Bitcoin comes down to Earth: Now you can pay for Pizza

Bitcoin’s move into mainstream in the US is happening now – and it’s starting with pizza in Reno, Nevada.

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Bitcoin comes down to Earth: Now you can pay for Pizza

Bitcoin’s move into mainstream in the US is happening now – and it’s starting with pizza in Reno, Nevada. 

 
The owner of Lamppost Pizza Reno, Jay Watson, has started to accept Bitcoin as a payment method at his restaurant, which was announced on Facebook on Wednesday this week. 
 
A Natural progression 
 
"I have always been interested in technology so it is a natural progression," said Watson in an interview with local news channel KOLO 8. 
 
Lamppost will offer Bitcoin in additional to conventional payment, as Watson believes it is important to give customers choice, especially while Bitcoin is still in its infancy: 
 
"I don't necessarily see it as a replacement for credit cards […] I see it as an enhancement or just another option," he added. 
 
But the advantages of Bitcoin are clear to him, having dabbled in digital currency over the past year or so. As a merchant, avoiding credit card processing fees is highly attractive aspect of Bitcoin, the fee for which is typically around 1% of the transaction total. Payment is also guaranteed, avoiding the occurrence of chargebacks by customers.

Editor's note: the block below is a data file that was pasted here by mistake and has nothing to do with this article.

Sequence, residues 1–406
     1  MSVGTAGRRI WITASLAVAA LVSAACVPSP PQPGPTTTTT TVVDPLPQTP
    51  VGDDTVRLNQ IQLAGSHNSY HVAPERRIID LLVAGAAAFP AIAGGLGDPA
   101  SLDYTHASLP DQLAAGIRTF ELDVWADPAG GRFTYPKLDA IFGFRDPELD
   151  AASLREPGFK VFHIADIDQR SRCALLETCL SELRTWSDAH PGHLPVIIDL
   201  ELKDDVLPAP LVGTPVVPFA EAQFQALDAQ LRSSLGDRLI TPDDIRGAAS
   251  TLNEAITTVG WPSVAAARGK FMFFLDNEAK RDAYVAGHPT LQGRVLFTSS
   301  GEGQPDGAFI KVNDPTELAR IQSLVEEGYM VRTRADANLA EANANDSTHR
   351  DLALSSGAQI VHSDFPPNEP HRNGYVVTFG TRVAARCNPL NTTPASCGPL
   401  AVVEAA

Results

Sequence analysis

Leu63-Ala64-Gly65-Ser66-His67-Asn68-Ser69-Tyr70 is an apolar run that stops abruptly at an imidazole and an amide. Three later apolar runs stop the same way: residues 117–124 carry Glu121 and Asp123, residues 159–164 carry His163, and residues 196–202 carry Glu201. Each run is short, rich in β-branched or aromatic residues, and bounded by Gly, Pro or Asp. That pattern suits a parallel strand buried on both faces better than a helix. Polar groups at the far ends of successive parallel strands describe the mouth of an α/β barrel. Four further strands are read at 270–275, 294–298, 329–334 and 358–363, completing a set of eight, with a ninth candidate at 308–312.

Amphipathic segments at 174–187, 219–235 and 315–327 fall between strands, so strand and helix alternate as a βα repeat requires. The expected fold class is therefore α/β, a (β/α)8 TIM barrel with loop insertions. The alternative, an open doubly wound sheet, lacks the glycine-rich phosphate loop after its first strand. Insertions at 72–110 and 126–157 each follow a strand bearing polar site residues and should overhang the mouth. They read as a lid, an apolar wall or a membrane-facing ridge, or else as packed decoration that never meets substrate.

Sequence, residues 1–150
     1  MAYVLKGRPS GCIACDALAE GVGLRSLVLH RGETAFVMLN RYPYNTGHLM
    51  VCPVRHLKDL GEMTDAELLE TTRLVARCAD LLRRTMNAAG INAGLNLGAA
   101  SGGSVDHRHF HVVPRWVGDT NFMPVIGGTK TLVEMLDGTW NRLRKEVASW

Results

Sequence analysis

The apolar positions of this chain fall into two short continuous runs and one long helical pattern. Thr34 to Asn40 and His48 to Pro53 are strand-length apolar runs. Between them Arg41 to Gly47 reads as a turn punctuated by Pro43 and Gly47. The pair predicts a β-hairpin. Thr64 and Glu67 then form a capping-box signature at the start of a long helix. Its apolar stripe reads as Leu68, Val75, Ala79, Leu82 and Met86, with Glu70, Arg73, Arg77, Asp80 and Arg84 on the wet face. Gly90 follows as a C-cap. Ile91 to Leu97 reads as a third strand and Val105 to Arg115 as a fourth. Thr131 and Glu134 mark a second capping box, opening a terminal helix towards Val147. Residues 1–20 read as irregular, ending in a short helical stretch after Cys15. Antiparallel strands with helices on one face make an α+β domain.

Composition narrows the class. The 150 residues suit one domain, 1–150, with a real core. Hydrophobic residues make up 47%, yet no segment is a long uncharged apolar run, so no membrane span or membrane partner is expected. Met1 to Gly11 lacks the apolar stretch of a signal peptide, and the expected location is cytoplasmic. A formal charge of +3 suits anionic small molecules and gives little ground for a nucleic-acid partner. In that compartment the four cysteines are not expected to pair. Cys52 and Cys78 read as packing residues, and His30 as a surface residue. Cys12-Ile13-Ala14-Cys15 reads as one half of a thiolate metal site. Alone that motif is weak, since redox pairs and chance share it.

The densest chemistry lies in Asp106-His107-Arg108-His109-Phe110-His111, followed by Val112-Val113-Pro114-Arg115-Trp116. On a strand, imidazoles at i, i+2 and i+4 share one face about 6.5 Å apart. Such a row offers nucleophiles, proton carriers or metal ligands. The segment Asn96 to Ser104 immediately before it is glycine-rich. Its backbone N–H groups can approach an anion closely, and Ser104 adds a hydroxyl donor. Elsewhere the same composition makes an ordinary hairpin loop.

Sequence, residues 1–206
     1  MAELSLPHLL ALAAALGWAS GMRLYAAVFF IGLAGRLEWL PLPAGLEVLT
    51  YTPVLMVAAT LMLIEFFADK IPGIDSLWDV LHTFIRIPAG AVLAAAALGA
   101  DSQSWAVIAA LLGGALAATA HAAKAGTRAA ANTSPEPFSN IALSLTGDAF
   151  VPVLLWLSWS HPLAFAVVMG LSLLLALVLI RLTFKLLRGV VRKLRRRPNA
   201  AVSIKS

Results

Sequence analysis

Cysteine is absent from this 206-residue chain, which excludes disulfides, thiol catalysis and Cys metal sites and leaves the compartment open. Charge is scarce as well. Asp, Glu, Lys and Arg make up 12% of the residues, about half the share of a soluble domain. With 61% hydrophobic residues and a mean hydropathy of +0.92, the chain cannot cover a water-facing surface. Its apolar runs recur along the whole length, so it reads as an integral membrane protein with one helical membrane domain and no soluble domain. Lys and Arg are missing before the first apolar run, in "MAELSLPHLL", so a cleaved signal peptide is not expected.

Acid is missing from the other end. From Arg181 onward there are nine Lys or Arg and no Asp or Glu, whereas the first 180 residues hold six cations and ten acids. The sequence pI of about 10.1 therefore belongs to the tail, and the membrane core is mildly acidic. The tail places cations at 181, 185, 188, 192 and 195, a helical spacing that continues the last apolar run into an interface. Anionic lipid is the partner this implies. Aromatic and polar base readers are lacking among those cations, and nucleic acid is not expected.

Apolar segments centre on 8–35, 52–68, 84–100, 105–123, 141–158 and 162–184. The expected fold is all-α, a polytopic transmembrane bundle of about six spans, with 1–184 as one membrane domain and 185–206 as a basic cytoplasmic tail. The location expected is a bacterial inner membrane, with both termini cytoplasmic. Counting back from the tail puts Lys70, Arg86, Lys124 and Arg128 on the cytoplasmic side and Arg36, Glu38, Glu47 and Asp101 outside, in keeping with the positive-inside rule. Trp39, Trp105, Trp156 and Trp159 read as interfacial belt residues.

Watson converts all payments to USD the next business day, with no need to wait for banks to process customers’ card payments. And while the exchange rate is subject to quite some fluctuation, 24 hours is a risk he’s willing to take without worrying. 
 
“I am only subject to one day of volatility,” he notes. 
 
Catching on 
 
Coin Telegraph sees that Lamppost is just one of a growing number of businesses in Reno which are making the step to Bitcoin acceptance. Six merchants now accept the currency, including a bar, a barber and several software companies. 
 
It will be interesting to see especially how the role of Facebook and other social networks increases consumer curiosity about crypto-currency on a local level, especially when your local pizza place casually announces that you can now leave your bills and Mastercard in your wallet. 
 
One thing is for certain: "I think as Bitcoin itself gains more popularity, goes a little bit more mainstream, you'll see more businesses wanting to get involved," confirms Jay Yerxa, a local Bitcoin expert.
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